Forget odds, performance charts, quantitative analysis and star power.

There’s no rhyme or reason to who wins the Daytona 500.

No logical explanation for why it took Darrell Waltrip and Dale Earnhardt Jr. 37 combined years to win the thing, yet Derrike Cope, Ward Burton and Pete Hamilton ended up carrying the checkers by accident.

Nothing sensible about the last three winners — Ryan Newman, Matt Kenseth and Jamie McMurray — getting nowhere near the Chase for the Sprint Cup at season’s end.

You’re best off closing your eyes, visualizing what you think will happen on Lap 200 … then clearing your mind with transcendental meditation and predicting the polar opposite.

In honor of this, I will forecast today’s race winner in the most obvious, natural way.

Working backward.

No chance: Terry Labonte, Dave Blaney, Joe Nemechek, Travis Kvapil, David Gilliland, Andy Lally, Steve Wallace, J.J. Yeley, Robert Richardson Jr., Brian Keselowski.

Long list, isn’t it? Yup, it’s the not-so-big-secret that NASCAR — Motto: “Best (snicker) 43 (belly laugh) drivers in the (cross fingers) world” — hopes you’ll be too captive an audience to ignore.

Most of the drivers in that group are part of the disturbing start-and-park trend that has overtaken the sport. Some have neither the money nor the pit crew to make it through the first green-flag pit stop, never mind the finish.

Others wouldn’t be recognized at their own family reunion. If you’re a once-a-year NASCAR viewer, you probably thought Robert Richardson Jr. was lead singer of Kool & the Gang.

Wallace is the exception. He’s in the race on his dad Rusty’s name and bank account and on Roger Penske’s 2010 car owner points. He’ll be financed fabulously enough to cause The Big One with 40 laps to go. If more than three other guys on this list are on the lead lap at halfway, I’ll buy you a beer.

Snowball’s chance in Florida: Robby Gordon, Bobby Labonte, Trevor Bayne, Brian Vickers.

Gordon stays off the dreaded first roll call because of his knack for staying out of trouble and running in the top 10 at restrictor plate races. Labonte, like his older brother, gives the sorry impression that he’s a former series champion merely marking time.

Bayne is a 19-year-old rookie with a ride fast enough to get him in trouble, as evidenced by his wreck on the last lap of the Gatorade Duels. Vickers’ return from potentially fatal heart and circulatory issues is a nice story, but Hollywood won’t be calling after the race.

Better chance than you think: Bill Elliott, Regan Smith, Kasey Kahne, A.J. Allmendinger, Paul Menard, Marcos Ambrose, David Ragan, Martin Truex Jr., David Reutimann.

In addition to his status as a two-time winner, Elliott is in the Phoenix Racing ride that has taken Geoff Bodine, Mike Wallace, Mike Bliss and Brad Keselowski to the front in recent years.

Smith still won Talladega two years ago, as far as I’m concerned, and was a few feet away from taking Thursday’s qualifier. Kahne is poised to surprise everyone who thinks of his Red Bull gig as a “transition year.”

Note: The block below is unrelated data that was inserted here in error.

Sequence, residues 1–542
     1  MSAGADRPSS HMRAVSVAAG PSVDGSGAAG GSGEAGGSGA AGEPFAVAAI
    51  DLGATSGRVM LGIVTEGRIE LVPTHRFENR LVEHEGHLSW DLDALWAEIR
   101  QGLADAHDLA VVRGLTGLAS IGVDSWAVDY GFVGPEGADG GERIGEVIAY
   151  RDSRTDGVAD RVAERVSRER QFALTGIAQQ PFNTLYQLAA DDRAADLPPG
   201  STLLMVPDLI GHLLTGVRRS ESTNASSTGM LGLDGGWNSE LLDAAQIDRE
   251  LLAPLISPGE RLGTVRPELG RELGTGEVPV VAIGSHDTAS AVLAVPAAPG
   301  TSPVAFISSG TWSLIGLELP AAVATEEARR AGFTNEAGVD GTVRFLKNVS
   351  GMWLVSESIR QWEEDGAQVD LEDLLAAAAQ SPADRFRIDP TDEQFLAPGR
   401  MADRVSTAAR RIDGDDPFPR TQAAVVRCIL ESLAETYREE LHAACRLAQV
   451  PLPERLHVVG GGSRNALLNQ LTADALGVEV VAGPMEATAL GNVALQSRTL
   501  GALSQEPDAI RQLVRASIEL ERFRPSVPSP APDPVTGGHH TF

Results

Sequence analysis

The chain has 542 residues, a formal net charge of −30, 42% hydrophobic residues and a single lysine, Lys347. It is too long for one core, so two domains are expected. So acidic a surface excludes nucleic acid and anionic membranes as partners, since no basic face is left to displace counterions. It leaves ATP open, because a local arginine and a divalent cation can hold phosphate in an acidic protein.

Allmendinger and Ambrose are in the King’s equipment, and Richard Petty Enterprises has led laps and threatened to win the race each of the last two years. While Menard is mooching off his father’s millions and Ragan is running out of time to be The Next Big Thing, both are pretty solid in plate races. Truex and Reutimann will have the benefit of a drafting partner in the person of a boss who knows how to win here. Speaking of which …

Past champion’s chance: Michael Waltrip, Ryan Newman, Matt Kenseth.

I’ve seen too many weird things happen involving people connected with the elder Earnhardt to count out Waltrip on the 10-year anniversary of No. 3’s death and No. 15’s first of two Daytona wins.

Newman and Kenseth have been deft in the draft since they rolled off the trailer.

Puncher’s chance: Mark Martin, Joey Logano, Tony Stewart, Juan Pablo Montoya, Brad Keselowski.

Martin hates this type of racing. You’ve probably heard him say that once or twice. But if you’re in a Hendrick car at Daytona, you can win. The other four guys are in equipment capable of going to victory lane. Due to their past misfortune (Stewart) or reputation for being in the middle of mayhem (Logano, Montoya, Keselowski), I don’t see them prevailing in a race that’s sure to be rough.

Legitimate chance: Jeff Gordon, Dale Earnhardt Jr., Jimmie Johnson, Jamie McMurray, Kyle Busch, Denny Hamlin, Carl Edwards, Greg Biffle.

Not sure why everyone else is going to show up, since Tony Kornheiser already broke the news that Earnhardt will win.

Gordon and Earnhardt would fit under the recent umbrella of drivers winning the 500 in their first go-round with a new chief mechanic.

Hamlin seems to do his best work when everything around him is a complete disaster. His Speedweek qualifies in that regard.

McMurray has emerged as a master of the draft the last two years.

For all of Roush Racing’s shortcomings at superspeedways, Edwards and Biffle always manage to run up front. Don’t forget that Biffle led at Mile 500 last year before the race rolled into overtime.

Johnson and Li’l Busch, based on sheer percentages, have a combined one-in-three shot of winning this baby like they do everything else.

Best chance: Jeff Burton, Kevin Harvick, Clint Bowyer, Kurt Busch.

Burton and Bowyer have made Richard Childress Racing the favorite in race trim. Their teammate, Harvick, has been disarmingly quiet this week. Big Busch has a golden opportunity to go an unprecedented 3-for-3 in new colors to match.

The winner: Harvick. He is the big-game quarterback in the sport right now. Somehow it just feels like a black Budweiser car belongs in the Daytona USA museum this year.

And gut feelings trump common sense at Daytona.

Kalle Oakes is a staff columnist. His email is [email protected]

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